“Well,” said Miss Featherstone, “there is one point you cannot make out,—gloves; certainly the French have the monopoly of that article.”

“I am not going to ruin my cause by asserting too much,” said I. “I haven’t been with nicely dressed women so many years not to speak with proper respect of Alexander’s gloves,—and I confess, honestly, that to forego them must be a fair, square sacrifice to patriotism. But then, on the other hand, it is nevertheless true that gloves have long been made in America and surreptitiously brought into market as French. I have lately heard that very nice kid gloves are made at Watertown and in Philadelphia. I have only heard of them, and not seen. A loud demand might bring forth an unexpected supply from these and other sources. If the women of America were bent on having gloves made in their own country, how long would it be before apparatus and factories would spring into being? Look at the hoop-skirt factories,—women wanted hoop-skirts,—would have them or die,—and forthwith factories arose, and hoop-skirts became as the dust of the earth for abundance.”

“Yes,” said Miss Featherstone, “and, to say the truth, the American hoop-skirts are the only ones fit to wear. When we were living on the Champs Élysées, I remember we searched high and low for something like them, and finally had to send home to America for some.”

“Well,” said I, “that shows what I said. Let there be only a hearty call for an article, and it will come. These spirits of the vasty deep are not so very far off, after all, as we may imagine, and women’s unions and leagues will lead to inquiries and demands which will as infallibly bring supplies as a vacuum will create a draught of air.”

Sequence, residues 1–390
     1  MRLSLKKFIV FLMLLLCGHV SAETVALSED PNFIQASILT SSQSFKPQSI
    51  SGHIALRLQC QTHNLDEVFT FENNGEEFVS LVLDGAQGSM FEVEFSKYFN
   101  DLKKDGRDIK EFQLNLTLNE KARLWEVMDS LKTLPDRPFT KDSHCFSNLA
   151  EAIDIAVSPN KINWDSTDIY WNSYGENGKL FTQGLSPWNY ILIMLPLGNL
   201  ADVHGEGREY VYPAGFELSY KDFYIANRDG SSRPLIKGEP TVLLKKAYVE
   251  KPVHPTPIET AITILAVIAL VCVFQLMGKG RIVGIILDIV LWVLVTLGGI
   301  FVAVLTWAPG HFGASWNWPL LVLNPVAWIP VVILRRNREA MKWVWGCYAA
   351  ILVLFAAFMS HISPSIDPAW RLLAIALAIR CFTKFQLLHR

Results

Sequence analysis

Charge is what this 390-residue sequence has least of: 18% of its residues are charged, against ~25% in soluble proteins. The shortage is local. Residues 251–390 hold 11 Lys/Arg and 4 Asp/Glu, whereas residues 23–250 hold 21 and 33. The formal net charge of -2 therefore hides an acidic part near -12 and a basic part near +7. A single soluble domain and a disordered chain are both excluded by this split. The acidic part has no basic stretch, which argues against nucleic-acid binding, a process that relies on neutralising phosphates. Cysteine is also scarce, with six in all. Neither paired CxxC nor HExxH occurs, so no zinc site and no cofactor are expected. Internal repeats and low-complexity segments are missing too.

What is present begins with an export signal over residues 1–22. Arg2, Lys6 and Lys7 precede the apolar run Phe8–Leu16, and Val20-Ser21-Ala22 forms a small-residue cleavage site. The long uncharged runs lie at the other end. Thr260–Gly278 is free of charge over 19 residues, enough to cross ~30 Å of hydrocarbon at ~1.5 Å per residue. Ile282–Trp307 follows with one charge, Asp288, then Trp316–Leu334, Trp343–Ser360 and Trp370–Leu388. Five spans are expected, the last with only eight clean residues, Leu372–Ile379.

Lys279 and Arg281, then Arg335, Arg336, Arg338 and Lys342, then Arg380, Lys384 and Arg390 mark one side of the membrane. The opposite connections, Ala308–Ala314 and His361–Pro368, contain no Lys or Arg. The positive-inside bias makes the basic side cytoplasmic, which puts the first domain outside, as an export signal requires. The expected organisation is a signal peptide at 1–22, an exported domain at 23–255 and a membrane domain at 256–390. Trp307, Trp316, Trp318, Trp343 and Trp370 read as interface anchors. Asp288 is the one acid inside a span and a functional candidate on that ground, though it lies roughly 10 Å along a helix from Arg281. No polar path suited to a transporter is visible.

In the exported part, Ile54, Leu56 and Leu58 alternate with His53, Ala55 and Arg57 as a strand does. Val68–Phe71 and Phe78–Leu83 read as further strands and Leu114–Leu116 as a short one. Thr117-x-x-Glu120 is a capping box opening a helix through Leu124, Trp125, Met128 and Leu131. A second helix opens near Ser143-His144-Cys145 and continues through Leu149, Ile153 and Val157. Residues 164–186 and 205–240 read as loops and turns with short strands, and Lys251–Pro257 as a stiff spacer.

“But, at least, there are no ribbons made in America,” said Miss Featherstone.

“Pardon, my lady, there is a ribbon-factory now in operation in Boston, and ribbons of every color are made in New York; there is also in the vicinity of Boston a factory which makes Roman scarfs. This shows that the faculty of weaving ribbons is not wanting to us Americans, and a zealous patronage would increase the supply.

“Then, as for a thousand and one little feminine needs, I believe our manufacturers can supply them. The Portsmouth Steam Company makes white spool-cotton equal to any in England, and colored spool-cotton, of every shade and variety, such as is not made either in England or France. Pins are well made in America; so are hooks and eyes, and a variety of buttons. Straw bonnets of American manufacture are also extensively in market, and quite as pretty ones as the double-priced ones which are imported.

“As to silks and satins, I am not going to pretend that they are to be found here. It is true, there are silk manufactories, like that of the Cheneys in Connecticut, where very pretty foulard dress-silks are made, together with sewing-silk enough to supply a large demand. Enough has been done to show that silks might be made in America; but at present, as compared with Europe, we claim neither silks nor thread laces among our manufactures.